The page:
Easy ways to start eating clean today
First off, what does the term “clean eating” mean? Depending on your background, beliefs, and diet, it may look different to you than it does to someone else! For example, someone following a vegan diet will not look at meat the same way as someone who eats fish or land animals. However, there are some general ideas that I think we can all agree on what types of foods are better for you than others.
Clean eating is about consuming foods in a manner that is closest to their natural state, meaning that minimal to no processing has been done to them. These “real” or whole foods are more nutrient-rich, thus providing more nutritional benefit for us.
Eat more whole foods- these are foods that have undergone minimal to no processing, and include all of the following:
Veggies and fruits- Consuming some vegetables and fruits raw provide greater nutritional benefits than cooked, but on the flip side, some nutrients become more bioavailable when cooked! The ADA recommends consuming 5-9 servings/day of a combination of fruits and vegetables per day. Be sure to mix it up and eat both cooked and raw fruits and veggies to maximize the nutritional benefits. Also, be mindful of fruit juices, if that is your go-to for getting your servings in. Often, fruit juices are sweetened and thus, have very high sugar levels. Choose instead to go for whole fruits to get additional nutrients that the juices have lost from being processed.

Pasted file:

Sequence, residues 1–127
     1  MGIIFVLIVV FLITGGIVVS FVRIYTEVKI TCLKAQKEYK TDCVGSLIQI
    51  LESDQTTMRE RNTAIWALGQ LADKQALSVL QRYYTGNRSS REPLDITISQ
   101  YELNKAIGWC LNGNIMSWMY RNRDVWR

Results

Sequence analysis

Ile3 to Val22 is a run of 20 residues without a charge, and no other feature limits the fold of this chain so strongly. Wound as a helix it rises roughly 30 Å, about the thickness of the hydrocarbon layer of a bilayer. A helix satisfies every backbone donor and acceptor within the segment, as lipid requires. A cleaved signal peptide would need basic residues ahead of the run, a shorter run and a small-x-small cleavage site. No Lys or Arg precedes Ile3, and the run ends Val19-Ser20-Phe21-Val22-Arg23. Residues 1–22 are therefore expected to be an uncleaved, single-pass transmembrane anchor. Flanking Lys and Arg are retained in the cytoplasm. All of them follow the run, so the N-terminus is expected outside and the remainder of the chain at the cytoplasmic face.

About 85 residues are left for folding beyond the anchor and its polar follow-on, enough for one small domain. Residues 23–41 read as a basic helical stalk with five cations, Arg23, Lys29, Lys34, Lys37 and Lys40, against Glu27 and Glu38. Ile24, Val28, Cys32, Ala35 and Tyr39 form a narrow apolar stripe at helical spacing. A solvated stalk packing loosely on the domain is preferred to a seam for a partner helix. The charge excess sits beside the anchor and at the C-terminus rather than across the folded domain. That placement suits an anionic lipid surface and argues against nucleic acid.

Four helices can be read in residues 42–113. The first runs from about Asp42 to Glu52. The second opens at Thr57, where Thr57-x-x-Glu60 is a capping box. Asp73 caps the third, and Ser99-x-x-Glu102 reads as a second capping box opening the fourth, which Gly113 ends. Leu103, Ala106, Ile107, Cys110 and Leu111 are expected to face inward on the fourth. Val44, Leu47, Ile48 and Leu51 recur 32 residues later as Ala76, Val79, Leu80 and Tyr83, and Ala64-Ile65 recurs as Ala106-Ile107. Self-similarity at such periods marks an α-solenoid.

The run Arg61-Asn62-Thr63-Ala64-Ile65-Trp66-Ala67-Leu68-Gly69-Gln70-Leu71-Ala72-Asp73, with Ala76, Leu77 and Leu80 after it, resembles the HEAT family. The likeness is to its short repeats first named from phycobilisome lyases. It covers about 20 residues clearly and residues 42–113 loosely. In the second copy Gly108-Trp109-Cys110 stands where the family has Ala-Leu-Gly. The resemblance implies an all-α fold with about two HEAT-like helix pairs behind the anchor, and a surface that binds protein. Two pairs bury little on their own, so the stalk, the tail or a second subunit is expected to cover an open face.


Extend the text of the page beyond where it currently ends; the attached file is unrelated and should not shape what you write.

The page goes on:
Lean proteins- Lean proteins are foods that are primarily made of protein, with low levels of fat and carbohydrates. Many meat-based proteins are higher in saturated fat, which is linked to cardiovascular diseases. Here are some healthier, lean protein alternatives: white fishes like cod and halibut, plain Greek yogurt, white poultry like chicken breast and turkey (skip the dark meat and go skinless to reduce fat intake), egg whites, and pork loin just to name a few! If you’re a beef lover (you’re not alone!), stick to the cuts that are 90% lean or greater.